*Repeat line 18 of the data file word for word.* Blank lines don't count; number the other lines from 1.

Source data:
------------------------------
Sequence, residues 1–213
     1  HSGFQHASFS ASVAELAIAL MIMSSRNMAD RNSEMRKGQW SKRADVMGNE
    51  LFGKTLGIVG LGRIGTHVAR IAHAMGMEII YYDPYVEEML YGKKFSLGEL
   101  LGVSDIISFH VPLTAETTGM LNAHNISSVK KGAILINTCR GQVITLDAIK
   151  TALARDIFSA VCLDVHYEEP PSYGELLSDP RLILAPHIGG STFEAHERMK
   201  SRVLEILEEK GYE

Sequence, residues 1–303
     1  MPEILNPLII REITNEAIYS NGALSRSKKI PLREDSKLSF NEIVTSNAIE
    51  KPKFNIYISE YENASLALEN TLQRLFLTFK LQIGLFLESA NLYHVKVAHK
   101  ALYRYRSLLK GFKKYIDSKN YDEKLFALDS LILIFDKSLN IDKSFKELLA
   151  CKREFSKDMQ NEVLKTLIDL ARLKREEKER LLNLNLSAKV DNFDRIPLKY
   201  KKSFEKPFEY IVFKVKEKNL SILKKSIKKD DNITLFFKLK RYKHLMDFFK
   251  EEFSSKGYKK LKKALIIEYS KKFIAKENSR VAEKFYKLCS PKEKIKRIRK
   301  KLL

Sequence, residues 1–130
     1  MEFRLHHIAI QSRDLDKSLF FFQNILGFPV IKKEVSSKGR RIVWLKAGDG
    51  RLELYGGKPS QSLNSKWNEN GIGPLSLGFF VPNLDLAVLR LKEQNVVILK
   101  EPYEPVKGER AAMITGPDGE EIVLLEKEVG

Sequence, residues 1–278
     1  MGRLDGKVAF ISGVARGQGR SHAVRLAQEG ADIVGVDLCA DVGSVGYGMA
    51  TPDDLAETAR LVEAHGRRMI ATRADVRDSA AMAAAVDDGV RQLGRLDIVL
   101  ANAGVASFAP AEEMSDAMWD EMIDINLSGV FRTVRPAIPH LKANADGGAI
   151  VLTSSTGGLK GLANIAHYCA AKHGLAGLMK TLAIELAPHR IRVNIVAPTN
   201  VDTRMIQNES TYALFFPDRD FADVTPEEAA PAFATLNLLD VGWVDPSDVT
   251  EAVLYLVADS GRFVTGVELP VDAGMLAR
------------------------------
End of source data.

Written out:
   101  EPYEPVKGER AAMITGPDGE EIVLLEKEVG